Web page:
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HomeNewsLocal newsCaneel Bay Purpose Group Founder Unlikely to Take Part in Open Bidding

Caneel Bay Purpose Group Founder Unlikely to Take Part in Open Bidding

Caneel Bay is known for its pristine beaches and stunning views. (Source file photo)

Less than a week after the National Park Service announced it would put the Caneel Bay Resort out for public bid, Caneel Purpose Group founder Matthew O’Hayer told an audience at a town hall Monday night that he is not a hotelier, but an opportunist who doesn’t see his business joining the competitive bidding process to redevelop the property.

“I never say never, but quite likely this is going to be years down the road. And I am not a full-time hotelier. I and the staff stand ready to bid on opportunities when they come up,” O’Hayer said. “I, quite frankly, don’t think we would win a competitive bidding process because we are not these big hotel chains with unlimited amounts of cash to play the game.”

The “fairly bureaucratic process” would take a considerable amount more time O’Hayer said.

“This has been a focus that has taken a lot of my time the last eight months, but if this goes into the competitive bidding process, which I’m guessing it probably will unless the community stands up and says they really want this, that process will probably not begin until after all the environmental work on the property is done, so we are talking years down the road,” he said.

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Instead of a lengthy competitive bidding process, O’Hayer said the community has two other options, one of which he believes is best for St. John residents.

One alternate option would be to return the land back to its natural state and have no resort. O’Hayer said he has talked to 40 community members about it, and only one thought that was the way to go.

The second alternate option “would be to support the plan that you folks have given us. The Caneel Purpose Group plan is the community’s plan. It’s not my plan, it’s your plan,” O’Hayer said.

This plan would allow Caneel Purpose Group to evade the competitive bidding process, which O’Hayer said is entirely legal as a federal law passed in 2010 allows the National Park Service the ability to enter negotiations with the leaseholder.

“This process, with the agreement of the National Park Service and the leaseholder … could enable another organization to come in and basically cut this process by years and years, time-wise. So this is the path that I thought made the most sense to the community. You could actually get started right away … But none of that happens without the support of the community,” O’Hayer said.

Should the National Park Service stick with its decision, O’Hare said the benefits of having a world-class resort that produces employment opportunities will not be realized for half a decade.

“The National Park Service has outlined what they would like to do, which is to let the lease expire, and put out a bid process two and a half years from now where there would be a new leaseholder chosen. Enter with a new leaseholder, and begin construction, as they said sometime in 2024 and that would go until they could actually finish construction. So basically, five years from now under the continued existing statement that was made by the National Park Service last week, you would probably have the resort sometime in 2026,” O’Hayer said.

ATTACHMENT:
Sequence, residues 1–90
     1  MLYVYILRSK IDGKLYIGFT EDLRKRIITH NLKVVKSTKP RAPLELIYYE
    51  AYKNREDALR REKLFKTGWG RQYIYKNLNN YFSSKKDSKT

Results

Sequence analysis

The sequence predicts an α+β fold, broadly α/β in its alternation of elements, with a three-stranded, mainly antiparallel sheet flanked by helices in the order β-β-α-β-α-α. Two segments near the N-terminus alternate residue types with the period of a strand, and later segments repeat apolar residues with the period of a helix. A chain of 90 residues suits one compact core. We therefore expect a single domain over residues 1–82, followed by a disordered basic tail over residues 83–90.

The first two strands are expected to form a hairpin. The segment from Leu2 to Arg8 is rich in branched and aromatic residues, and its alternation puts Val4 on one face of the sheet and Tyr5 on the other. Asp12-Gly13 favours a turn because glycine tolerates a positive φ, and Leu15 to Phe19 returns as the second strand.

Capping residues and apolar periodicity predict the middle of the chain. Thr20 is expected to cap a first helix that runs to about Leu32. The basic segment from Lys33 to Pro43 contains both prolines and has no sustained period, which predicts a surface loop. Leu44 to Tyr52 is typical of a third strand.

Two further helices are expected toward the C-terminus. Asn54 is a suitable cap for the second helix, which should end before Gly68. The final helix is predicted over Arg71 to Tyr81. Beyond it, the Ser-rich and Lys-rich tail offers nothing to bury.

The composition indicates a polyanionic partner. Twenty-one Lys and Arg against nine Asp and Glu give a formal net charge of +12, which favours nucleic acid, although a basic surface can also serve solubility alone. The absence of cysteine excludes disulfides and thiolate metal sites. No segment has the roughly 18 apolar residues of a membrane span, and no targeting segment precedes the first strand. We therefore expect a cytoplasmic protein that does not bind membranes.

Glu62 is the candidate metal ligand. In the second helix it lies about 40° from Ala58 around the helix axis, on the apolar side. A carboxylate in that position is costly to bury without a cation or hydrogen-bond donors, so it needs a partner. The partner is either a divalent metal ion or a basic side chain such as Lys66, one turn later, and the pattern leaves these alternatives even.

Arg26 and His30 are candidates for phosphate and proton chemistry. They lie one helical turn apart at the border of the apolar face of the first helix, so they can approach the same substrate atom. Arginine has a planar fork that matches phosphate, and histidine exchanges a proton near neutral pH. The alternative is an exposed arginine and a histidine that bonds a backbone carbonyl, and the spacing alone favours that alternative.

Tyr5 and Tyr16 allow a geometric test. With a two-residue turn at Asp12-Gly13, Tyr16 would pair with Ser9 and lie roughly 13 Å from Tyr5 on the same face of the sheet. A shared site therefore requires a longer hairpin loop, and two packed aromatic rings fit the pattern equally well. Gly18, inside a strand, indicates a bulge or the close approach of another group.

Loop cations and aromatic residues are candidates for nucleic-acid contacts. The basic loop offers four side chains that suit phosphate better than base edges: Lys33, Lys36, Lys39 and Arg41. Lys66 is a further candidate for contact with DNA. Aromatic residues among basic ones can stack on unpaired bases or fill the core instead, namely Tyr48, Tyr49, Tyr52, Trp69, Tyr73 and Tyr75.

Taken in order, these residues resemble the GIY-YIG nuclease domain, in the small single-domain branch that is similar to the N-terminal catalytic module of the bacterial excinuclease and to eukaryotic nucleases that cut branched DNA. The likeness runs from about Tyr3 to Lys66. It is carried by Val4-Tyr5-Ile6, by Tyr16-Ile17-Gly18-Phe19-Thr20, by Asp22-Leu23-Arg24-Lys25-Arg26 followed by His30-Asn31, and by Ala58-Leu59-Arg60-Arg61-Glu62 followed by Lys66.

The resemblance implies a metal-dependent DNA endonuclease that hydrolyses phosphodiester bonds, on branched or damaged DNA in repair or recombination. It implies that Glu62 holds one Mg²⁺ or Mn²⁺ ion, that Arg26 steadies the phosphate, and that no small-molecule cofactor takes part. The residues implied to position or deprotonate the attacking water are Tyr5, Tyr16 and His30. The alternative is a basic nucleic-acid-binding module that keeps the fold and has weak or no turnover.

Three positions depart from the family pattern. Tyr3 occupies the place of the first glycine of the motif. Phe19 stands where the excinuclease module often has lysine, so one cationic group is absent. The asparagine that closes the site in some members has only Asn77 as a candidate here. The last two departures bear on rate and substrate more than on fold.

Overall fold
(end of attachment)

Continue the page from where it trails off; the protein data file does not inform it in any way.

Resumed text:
He also added that the latest environmental concerns could have been handled more quickly should the public change its mind, and in turn, reverse the National Park Service’s decision.

“The environmental concerns are being handled five months from now, why not this month? I would have started right away,” O’Hayer said.

He clarified that the National Park Service would have only an assessment of the area done first and wouldn’t begin clearing environmental hazards for another year.

Some of the hazards listed by O’Hayer included the landfill site that rests above and to the east of Honeymoon Beach, abandoned diesel tanks that have leaked, additional abandoned tanks that he did not know the contents of, and the insecticide DDT, which the United States outlawed in 1972, although some countries still permit its use.

Should the community “pull the trigger” on the option to go with Caneel Bay Purpose Group, O’Hayer said the hazards could be mitigated alongside the development of the resort.

“It’s way over on the edge of the property, there’s no reason that I can see why this resort can’t start being built alongside during these isolated locations of environmental mess that has been there for decades,” O’Hayer said.

Though O’Hayer believes he could accomplish the redevelopment of the resort more quickly, the decision ultimately rests with the National Park Service, which has been adamant about receiving public comment on the development. As it stands, in the aftermath of the Park Service announcement the public seemed happy to move forward with a competitive bidding process, which Caneel Bay Purpose Group could join but which O’Hayer said he is unlikely to take part in.

CPG is asking for community support letters from those in favor, and participation in a very short survey on its website so that everyone can voice their opinion on the matter, it said.  The survey will close on Monday, Aug. 9.

Editor’s note: This story has been changed to correct the spelling of the name of Caneel Purpose Group founder Matthew O’Hayer, and to add the information about the group’s survey.

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